by Steve Bisson

© Still image of the book 'The Walking Mountain'

Last November, during the latest edition of ParisPhoto, CALAMITA/A’ presented the book 'The Walking Mountain', which illustrates the research that was done in the territory of the Vajont, Italy. The reasons for this project, which has gathered a large group of international photographers, have been introduced in a previous article published on Urbanautica in 2015

Two years later we are glad to talk about it in more detail and to give voice to the book designers, curators and some of the published authors. This article is an attempt to enhance the understanding of this publishing work, of the editorial choices and motivations that prompted several photographers to contribute to the research and of the choices behind the exhibition which was held at the gallery Matèria, in Rome, with the artistic direction of Niccolò Fano.

The book is divided into three separate parts. The central body brings together the visual materials produced by the photographers who participated in the enterprise. Each project is well described so that the overall diversity of contributions and of stylistic/expressive choices emerges. A second block includes a series of short essays. The text of Olivia Casagrande examines, from an anthropological point of view, possible meanings of an environmental catastrophe. Emiliano Oddone makes a historicized reconstruction of the geological context in which the calamitous event of the previously mentioned research takes place.

Finally, a third section of the book is devoted to the interviews section, thirteen interviews in total with photographers as Simon Norfolk, Olla Otto Becker, Rob Hornstra, to name just a few. In these dialogues, never mundane, the reader is led to reflect on other projects that have highlighted the role of photography as a means of socio-territorial survey, and also, more specifically, on issues such as immigration, war conflicts, climate change, economic transformation, technological progress and landscape modifications. An inventory of themes in which photograph stands as a conceptualization, description and representation tool. To clarify, we could say that a photograph favours a focused look, channelling attention objectively. Sometimes it stimulates “other” interpretations. However, the merit of CALAMITA/A’ lies in having these experiences catalogued and jousted them together as a choir.

These conversations have been complemented with sociologist Derrick De Kerckhove and historian François Hartog. Since the beginning, the search for a multidisciplinary approach has characterized the intentions of CALAMITA/A’. The book is a confirmation, so it is too simplistic to reduce it to a photo publication. It also differs in the form from a traditional catalogue of images. The same editing adopted in the book's design solution allows these different parts to be browsed together in variable geometries. This book takes time and attention to be appreciated in its entirety.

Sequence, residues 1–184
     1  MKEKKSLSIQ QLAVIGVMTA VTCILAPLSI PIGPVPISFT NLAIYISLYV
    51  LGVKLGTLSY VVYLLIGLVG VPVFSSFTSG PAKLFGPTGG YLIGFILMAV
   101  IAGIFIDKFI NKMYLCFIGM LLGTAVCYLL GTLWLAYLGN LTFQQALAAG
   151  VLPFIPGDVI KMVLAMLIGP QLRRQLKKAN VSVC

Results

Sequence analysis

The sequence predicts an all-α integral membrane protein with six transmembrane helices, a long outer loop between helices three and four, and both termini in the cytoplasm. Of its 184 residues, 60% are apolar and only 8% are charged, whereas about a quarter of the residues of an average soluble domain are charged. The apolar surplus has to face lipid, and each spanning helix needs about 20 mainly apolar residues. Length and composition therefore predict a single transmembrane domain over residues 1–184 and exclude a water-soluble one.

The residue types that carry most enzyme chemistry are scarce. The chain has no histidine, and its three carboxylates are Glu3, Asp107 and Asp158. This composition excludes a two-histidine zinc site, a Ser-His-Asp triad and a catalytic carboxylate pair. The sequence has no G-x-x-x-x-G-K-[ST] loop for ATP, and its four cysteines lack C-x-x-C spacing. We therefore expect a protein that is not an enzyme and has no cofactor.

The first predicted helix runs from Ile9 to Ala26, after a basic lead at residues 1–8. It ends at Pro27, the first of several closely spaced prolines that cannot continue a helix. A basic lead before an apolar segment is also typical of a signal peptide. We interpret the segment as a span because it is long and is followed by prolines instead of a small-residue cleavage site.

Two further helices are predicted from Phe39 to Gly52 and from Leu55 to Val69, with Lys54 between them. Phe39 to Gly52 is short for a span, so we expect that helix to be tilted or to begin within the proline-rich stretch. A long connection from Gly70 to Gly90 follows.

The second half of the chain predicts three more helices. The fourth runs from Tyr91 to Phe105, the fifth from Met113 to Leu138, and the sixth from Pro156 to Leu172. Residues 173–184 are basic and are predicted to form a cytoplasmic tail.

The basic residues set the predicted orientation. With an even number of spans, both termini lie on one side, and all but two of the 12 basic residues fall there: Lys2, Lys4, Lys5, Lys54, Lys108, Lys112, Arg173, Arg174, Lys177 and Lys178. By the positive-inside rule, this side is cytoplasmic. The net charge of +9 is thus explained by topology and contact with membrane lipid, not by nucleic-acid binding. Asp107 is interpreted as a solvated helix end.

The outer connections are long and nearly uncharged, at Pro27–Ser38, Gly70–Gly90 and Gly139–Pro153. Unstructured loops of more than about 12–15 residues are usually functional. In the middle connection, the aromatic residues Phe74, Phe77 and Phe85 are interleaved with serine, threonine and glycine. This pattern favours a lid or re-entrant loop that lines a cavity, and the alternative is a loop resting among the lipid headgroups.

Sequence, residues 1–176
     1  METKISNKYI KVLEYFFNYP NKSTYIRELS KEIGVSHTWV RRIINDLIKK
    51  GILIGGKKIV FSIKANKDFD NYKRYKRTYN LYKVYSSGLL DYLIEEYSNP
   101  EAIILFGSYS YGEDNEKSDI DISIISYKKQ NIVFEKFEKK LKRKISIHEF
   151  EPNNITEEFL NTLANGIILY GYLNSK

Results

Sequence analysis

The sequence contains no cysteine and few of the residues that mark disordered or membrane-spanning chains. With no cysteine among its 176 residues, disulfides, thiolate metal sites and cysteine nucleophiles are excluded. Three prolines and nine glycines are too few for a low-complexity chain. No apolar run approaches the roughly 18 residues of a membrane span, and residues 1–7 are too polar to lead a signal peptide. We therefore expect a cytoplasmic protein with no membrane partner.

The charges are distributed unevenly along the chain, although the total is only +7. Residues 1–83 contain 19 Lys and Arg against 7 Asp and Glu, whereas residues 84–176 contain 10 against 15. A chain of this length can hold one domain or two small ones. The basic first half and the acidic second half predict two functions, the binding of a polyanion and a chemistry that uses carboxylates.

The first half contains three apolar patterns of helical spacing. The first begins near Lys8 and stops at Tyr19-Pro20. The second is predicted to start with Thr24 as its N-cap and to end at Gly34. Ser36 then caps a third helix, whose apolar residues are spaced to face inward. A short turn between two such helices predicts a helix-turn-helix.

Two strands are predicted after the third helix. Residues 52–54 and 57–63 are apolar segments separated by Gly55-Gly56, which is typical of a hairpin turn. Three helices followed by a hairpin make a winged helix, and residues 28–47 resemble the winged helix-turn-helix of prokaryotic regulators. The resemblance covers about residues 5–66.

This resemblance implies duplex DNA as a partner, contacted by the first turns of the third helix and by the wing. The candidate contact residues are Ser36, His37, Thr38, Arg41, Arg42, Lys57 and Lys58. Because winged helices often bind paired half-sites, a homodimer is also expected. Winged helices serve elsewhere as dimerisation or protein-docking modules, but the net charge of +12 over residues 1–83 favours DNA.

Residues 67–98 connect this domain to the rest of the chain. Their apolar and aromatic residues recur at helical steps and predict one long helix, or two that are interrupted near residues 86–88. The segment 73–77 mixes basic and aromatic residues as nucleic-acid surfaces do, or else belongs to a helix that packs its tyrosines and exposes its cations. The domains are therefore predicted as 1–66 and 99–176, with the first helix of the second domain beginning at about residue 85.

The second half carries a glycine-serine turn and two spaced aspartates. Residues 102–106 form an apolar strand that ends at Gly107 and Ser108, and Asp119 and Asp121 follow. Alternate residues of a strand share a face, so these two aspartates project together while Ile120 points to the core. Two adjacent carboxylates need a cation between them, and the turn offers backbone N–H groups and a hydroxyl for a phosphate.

I think that the merit of this research goes beyond its content. The editors were skilled in drawing a methodological process, still in progress, that, hopefully, will hold other surprises in store for the future. No doubt that the one left by Arena and Caneve in the Vajont region is one of the most significant trace, particularly in this research & action field that crosses photography to reach a well-defined place, history, and community.

Well, having said this, let’s listen to the protagonists… Firstly the Dutch book designers of SYB.  

'The Walking Mountain' is not a regular photobook but is a research book. Making use of a very specific event - the Vajont catastrophe - it attempts to drive the reader to focus on some peculiar topics (the landscape of trauma, the identity and the reappropriation, the political/economical power...). How did you reinforced this idea of research?

SYB: Designing a book like this, a book with a content that does not consist of one coherent body of work by one photographer and that has rather a complex narrative with different angles and layers, demands (in my eyes at least) a design that helps the reader to recognize these different angles/layers and that also helps them to navigate through the complex story. Of course, you can mix the three angles/layers in the design and create a very, eclectic and interesting book, but in this case I felt that that approach would not help Calamita/à to get their message across. Especially since the artist section is also a mix of approaches by quite a few artists. So I structured the whole book as three separate books bound together as one. The artist book was, in my eyes, the most important one (and therefore the biggest and last). The two other ones are smaller. They open to the left and to the right with a kind of metaphorical link to sluice gates.

© Still image of the book 'The Walking Mountain'

© Still image of the book 'The Walking Mountain'

© Still image of the book 'The Walking Mountain'

Gianpaolo Arena, Marina Caneve, Niccolò Fano

Why did you decided to work together for this exhibition?